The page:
Where to fin great Kanom Jeen in Phuket
Kanom Jeen is without a doubt our favourite Thai breakfast on weekends and we’ll never miss a chance to go to ‘Pa Mai Kanom Jeen Restaurant‘, on Satun road in Phuket Town, just next to the Blue Elephant restaurant. If we manage to wake up on time of course. Pa Mai Restaurant is open from 5.30 am to 11 am as well as ‘Mae Ting‘, the relative’s shop just down the same road. Pa Mai Restaurant might not be as popular as the original one, but we like it better. Not only because it’s easier to get a parking and there is always a table available, but also because we like the taste of their Kanom Jeen.
Types of curries
There are of course days we can’t make it before 10 am and we still think Kanom Jeen would be a perfect brunch. The shop is open until 11 am, but past 10, ingredients become scarce, for those days, we have a plan B! In Saphan Hin, just next to the circle and its unmistakable sculpture is ‘Kanom Jeen Sapan Hin‘, a nice and peaceful restaurant that runs all day. Maybe not as great as Pa Mai Restaurant, but it is perfect for a late and peaceful breakfast. Another super Kanom Jeen restaurant in Phuket town is Nom Jeen Phuket, set in a beautiful house surrounded by a large garden.
Kanom Jeen is really in the heart of Thai breakfast and consists of cold rice noodles with a sauce of your choice, often curry-based. The first times I tried, I completely missed the point, I found it too soft and not so great, I was wondering what I was missing and never gave it another look.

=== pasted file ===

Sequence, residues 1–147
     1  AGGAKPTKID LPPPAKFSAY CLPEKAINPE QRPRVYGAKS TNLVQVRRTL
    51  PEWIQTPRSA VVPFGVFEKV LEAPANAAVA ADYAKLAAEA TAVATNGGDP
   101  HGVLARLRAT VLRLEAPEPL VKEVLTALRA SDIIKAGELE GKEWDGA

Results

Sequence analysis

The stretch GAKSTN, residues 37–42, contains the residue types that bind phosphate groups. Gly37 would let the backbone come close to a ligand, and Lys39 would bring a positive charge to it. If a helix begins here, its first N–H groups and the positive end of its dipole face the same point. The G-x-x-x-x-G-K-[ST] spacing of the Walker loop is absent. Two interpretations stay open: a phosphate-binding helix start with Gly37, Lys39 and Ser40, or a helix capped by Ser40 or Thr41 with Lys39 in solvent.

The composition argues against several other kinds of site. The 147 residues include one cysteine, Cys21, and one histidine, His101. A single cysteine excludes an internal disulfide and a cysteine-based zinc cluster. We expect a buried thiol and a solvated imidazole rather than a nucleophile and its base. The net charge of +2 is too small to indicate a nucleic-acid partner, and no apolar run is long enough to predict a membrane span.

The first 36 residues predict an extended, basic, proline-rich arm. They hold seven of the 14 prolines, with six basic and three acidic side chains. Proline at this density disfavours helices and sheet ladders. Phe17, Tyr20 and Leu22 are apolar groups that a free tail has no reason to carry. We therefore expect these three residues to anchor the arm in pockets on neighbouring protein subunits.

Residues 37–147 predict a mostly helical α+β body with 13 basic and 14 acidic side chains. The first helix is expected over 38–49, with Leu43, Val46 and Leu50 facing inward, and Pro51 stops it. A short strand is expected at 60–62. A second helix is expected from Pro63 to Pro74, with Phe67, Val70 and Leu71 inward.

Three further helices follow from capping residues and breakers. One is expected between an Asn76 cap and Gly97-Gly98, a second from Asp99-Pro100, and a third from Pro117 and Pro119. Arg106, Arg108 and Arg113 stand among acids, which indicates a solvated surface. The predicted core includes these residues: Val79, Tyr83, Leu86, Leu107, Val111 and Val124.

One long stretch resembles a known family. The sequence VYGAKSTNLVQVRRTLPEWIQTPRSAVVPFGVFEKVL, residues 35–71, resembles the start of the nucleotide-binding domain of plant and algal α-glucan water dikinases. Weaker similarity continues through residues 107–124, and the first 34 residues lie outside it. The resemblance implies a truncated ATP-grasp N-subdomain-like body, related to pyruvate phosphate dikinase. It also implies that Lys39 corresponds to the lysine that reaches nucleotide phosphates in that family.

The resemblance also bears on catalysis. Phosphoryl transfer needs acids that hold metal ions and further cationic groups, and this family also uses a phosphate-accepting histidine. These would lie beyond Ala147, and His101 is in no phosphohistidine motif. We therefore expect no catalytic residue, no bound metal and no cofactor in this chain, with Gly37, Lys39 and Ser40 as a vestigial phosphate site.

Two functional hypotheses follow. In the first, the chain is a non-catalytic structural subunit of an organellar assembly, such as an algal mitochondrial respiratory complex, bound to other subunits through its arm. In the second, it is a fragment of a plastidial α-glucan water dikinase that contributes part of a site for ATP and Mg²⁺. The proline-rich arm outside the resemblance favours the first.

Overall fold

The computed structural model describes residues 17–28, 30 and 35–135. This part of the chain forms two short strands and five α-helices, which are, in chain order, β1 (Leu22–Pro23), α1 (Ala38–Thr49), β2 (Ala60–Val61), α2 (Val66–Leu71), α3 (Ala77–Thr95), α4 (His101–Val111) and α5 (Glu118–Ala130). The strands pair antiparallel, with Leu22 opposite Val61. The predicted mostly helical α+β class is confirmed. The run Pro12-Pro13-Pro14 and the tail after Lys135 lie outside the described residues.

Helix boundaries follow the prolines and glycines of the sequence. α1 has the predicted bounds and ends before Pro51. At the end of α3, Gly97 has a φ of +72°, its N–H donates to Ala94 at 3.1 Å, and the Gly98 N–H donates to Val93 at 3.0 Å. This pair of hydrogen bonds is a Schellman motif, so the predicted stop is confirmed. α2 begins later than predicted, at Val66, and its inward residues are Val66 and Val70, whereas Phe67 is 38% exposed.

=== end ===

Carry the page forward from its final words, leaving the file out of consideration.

A few years ago, I happened to go there again to give it another chance, probably because Faa loves it so much. And with her advice, I picked another sauce, a beef curry called Kang Nua, and found the secret of a great Kanom Jeen plate: add the many veggies displayed on the table in front of you! These, of course, have to be here for a good reason! So I experimented a few to start from and found my perfect mix… now I’m an addict too and I would rarely say no to the idea of breakfast at Pa Mai Restaurant.
My favourite mix is grated radish, lightly boiled and chopped morning glory, some boiled soybeans, but best of all: finely sliced banana flowers! All these fresh ingredients give a gently crunchy consistency that was missing in my first experience.
Try it and maybe you too might become a Kanom Jeen lover!
How it works:
- Beef curry (Kang Nua)
- Some kind of fish curry (Nam Ya Pa)
- Chicken curry (Kang Kai)
- Sweet prawn curry with nuts (Kang Nam Prik)
- Fresh shrimp paste with lots of chillies (Nam Shoop Yum)
- Fish guts curry (Kang Tai Pla)
- Shredded fish curry (Nam Ya)
- Crab curry (Kang Poo)
Add the condiments you like from the counter of directly at your table and don’t forget to pick up fork and spoon. You also can take one of the few nice side dishes on display, such as Hor Mok or grilled chicken. Order your drinks directly at your table, staff usually understands drinks names in English, but you’ll sound cooler by ordering ‘Cafe Yen’ or ‘Cafe Ron’ (iced coffee or hot coffee), ‘Cha Yen’ or ‘Cha Ron’ (iced tea or hot tea). Coffee and tea come with condensed milk, the way it has always been in traditional restaurants in Thailand.
More Kanom Jeen Photos